From the Collections

Carol Burnett's charwoman costume from her award-winning variety show (above in 1973) is now held in the collections of the Smithsonian’s National Museum of American History.

The Stars Are Aligned at the National Museum of American History

Carol Burnett Reveals How She Came to Create the Charwoman

The indelible comedian opens up about her favorite TV moments

“Dale Chihuly is one of the most important artists of the 21st century,” says Stephanie Stebich, the director of the Smithsonian American Art Museum, who is among the experts interviewed in a new documentary, "Master of Glass: The Art of Dale Chihuly."

The Unrivaled Legacy of Dale Chihuly

The pioneering glassmaker and octogenarian is the subject of a new Smithsonian Channel documentary

Celia Cruz (above in 2001 at the Kennedy Center in Washington, D.C.) was "a phenomenon," says the Smithsonian's Ashley Mayor, one of the organizers of the new exhibition "Entertainment Nation," opening in December at the National Museum of American History.

The Stars Are Aligned at the National Museum of American History

The Enduring Legacy of Celia Cruz, the 'Queen of Salsa'

The performer's vivacious life takes the stage as part of the new Smithsonian exhibition, "Entertainment Nation"

Rhea L. Combs (left) and Ava DuVernay (right) share a laugh in front of DuVernay’s portrait during the National Portrait Gallery's 2022 Portrait of a Nation Gala on Saturday, November 12, 2022.

See Stunning Portraits of Ava DuVernay, José Andrés and the Williams Sisters

The National Portrait Gallery's 2022 Portrait of a Nation Award honors seven changemakers, from Anthony Fauci to Clive Davis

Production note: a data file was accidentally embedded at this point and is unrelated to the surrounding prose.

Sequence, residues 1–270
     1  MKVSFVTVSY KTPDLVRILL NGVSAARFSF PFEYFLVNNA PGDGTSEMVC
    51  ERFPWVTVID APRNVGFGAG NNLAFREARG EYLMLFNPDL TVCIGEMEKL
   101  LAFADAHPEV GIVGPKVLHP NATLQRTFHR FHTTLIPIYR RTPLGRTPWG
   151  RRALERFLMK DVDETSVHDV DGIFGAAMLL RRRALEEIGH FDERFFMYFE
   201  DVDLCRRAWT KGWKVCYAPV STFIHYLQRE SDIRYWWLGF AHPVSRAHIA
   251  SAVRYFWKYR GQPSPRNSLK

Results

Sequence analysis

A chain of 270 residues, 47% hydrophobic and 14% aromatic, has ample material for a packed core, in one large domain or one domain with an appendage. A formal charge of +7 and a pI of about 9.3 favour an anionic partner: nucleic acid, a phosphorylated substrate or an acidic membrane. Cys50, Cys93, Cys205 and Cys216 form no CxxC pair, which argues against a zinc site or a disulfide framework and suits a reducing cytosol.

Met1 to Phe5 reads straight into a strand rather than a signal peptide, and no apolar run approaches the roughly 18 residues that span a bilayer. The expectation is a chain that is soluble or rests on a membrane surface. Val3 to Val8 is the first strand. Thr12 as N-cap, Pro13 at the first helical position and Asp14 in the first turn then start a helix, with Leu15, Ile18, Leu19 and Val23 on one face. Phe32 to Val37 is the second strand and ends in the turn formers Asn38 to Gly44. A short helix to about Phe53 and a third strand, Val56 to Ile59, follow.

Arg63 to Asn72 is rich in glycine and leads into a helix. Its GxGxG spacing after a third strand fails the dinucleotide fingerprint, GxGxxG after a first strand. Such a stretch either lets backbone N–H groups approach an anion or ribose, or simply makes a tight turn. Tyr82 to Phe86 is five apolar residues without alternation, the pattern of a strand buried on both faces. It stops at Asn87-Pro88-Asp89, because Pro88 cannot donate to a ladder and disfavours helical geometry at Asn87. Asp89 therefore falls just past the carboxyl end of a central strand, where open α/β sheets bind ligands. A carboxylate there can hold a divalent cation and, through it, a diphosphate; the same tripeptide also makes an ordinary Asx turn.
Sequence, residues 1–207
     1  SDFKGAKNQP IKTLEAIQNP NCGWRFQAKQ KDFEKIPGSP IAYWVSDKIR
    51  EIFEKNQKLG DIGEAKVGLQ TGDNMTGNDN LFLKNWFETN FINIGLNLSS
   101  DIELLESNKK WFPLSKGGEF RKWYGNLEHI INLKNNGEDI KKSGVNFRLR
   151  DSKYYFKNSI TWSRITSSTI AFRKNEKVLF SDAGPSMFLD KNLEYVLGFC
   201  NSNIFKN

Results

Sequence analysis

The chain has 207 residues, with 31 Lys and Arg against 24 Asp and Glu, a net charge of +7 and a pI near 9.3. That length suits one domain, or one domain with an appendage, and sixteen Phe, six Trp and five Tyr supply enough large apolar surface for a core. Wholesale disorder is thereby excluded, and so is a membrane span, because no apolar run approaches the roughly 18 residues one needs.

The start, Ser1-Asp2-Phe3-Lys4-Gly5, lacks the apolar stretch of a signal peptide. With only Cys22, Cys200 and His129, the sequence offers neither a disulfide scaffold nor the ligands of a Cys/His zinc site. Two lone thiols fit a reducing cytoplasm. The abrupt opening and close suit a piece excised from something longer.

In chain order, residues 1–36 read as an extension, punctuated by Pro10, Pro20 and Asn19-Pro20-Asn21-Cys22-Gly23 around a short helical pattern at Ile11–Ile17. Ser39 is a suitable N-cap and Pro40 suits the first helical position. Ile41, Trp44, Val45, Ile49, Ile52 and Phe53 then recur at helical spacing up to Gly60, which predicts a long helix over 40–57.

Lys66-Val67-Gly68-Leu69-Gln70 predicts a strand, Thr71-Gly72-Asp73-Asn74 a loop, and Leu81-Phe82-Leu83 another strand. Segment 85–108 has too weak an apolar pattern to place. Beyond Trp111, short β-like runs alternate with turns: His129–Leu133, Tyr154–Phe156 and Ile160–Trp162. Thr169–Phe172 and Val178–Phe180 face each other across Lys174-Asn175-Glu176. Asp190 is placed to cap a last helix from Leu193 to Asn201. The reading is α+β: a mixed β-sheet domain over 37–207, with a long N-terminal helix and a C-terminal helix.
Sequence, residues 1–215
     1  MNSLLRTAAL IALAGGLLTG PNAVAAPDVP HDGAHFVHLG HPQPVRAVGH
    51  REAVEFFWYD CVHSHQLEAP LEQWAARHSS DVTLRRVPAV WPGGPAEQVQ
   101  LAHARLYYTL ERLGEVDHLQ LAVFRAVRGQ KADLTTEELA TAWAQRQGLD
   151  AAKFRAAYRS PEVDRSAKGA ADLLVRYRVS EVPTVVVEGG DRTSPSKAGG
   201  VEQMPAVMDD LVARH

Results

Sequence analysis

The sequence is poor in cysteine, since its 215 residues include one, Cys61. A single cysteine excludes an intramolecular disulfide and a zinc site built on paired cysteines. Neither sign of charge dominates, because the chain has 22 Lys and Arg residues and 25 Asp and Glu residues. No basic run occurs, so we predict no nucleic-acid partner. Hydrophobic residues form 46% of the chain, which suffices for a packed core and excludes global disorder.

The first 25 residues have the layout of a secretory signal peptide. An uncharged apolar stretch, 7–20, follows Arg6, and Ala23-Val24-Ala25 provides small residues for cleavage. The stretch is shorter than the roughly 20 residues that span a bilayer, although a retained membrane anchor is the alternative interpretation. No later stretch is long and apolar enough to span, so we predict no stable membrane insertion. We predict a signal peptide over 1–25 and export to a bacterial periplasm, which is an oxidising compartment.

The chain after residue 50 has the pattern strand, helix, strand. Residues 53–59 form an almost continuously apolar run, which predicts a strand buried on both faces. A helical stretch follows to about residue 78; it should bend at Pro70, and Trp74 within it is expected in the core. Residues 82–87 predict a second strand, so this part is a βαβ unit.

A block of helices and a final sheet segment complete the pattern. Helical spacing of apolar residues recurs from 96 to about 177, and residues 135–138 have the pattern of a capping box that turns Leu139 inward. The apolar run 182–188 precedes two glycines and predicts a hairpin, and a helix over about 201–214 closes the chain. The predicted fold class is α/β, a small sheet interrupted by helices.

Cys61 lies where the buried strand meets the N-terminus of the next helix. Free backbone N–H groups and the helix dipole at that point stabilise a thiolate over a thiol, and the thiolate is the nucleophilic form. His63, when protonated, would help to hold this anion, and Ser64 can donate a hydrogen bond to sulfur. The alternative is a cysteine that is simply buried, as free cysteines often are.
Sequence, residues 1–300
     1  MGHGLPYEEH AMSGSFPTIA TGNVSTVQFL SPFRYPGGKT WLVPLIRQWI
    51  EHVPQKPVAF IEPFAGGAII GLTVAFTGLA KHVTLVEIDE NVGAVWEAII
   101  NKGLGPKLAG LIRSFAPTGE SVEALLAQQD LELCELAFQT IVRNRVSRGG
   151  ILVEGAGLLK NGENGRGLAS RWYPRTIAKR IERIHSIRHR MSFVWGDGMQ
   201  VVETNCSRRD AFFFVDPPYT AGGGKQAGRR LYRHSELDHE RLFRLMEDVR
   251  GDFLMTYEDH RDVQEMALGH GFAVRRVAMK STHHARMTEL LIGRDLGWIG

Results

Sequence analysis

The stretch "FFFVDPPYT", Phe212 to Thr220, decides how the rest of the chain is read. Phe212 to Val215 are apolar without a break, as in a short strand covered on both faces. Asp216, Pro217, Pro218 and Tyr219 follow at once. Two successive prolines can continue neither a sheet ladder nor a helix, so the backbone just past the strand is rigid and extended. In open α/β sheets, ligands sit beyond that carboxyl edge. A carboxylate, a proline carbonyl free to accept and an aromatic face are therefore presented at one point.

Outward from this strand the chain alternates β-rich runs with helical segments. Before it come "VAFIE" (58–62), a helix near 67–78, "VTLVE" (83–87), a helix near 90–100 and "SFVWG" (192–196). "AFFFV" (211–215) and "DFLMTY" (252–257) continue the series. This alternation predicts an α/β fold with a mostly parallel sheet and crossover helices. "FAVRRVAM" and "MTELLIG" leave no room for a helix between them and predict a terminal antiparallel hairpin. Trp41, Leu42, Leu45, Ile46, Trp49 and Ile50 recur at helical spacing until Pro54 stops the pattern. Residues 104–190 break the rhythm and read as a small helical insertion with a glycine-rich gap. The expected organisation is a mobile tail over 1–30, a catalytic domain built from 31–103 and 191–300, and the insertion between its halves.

The “Ole Bull” Stradivarius, made in 1687, photographed with flowers and props reminiscent of a Dutch still life from the period.

When It Comes to String Instruments, Stradivariuses Are Still Pitch Perfect

Even after three centuries of their existence, the violins spark debate over what makes their sound special

The Wright Flyer is among the iconic artifacts held at the Smithsonian. When visitors come to see it, they tend to fall silent, says curator Peter Jakab. “People often recognize that they’re standing in front of something special.”

A New Look for the National Air and Space Museum

How the Wright Brothers Took Flight

The remarkable story of how the duo grew to become world-changing inventors and international celebrities

Amani, the mother, with her two cubs born October 3. 

Two Cheetah Cubs Born at Smithsonian’s Conservation Biology Institute

The twins are an important addition to their vulnerable species and its dwindling gene pool

Smithsonian officials announce the transfer of ownership of 29 works of art to Nigeria; 20 will be returned (above: Bell, Benin kingdom court style, Edo artist,18th century), while nine will remain on loan.

The Smithsonian Returns a Trove of Benin Bronzes to Nigeria

The transfer of ownership of 29 artworks is the first to be carried out under a new policy and practice

Six years after Wilbur and Orville Wright invented the first airplane in 1903, the Army purchased the Wright Military Flyer for $30,000.

After the Wright Brothers Took Flight, They Built the World's First Military Airplane

The 1909 Military Flyer is the centerpiece of the "Early Flight" exhibition at the National Air and Space Museum

“This room is one of the masterworks of late 19th-century art and design, says the museum’s curator of American Art Diana Greenwold.

Whistler’s 'Peacock Room' Open After Weeks of Restoration

The story behind the Smithsonian’s showstopper is one of a major dust-up between the artist and his patron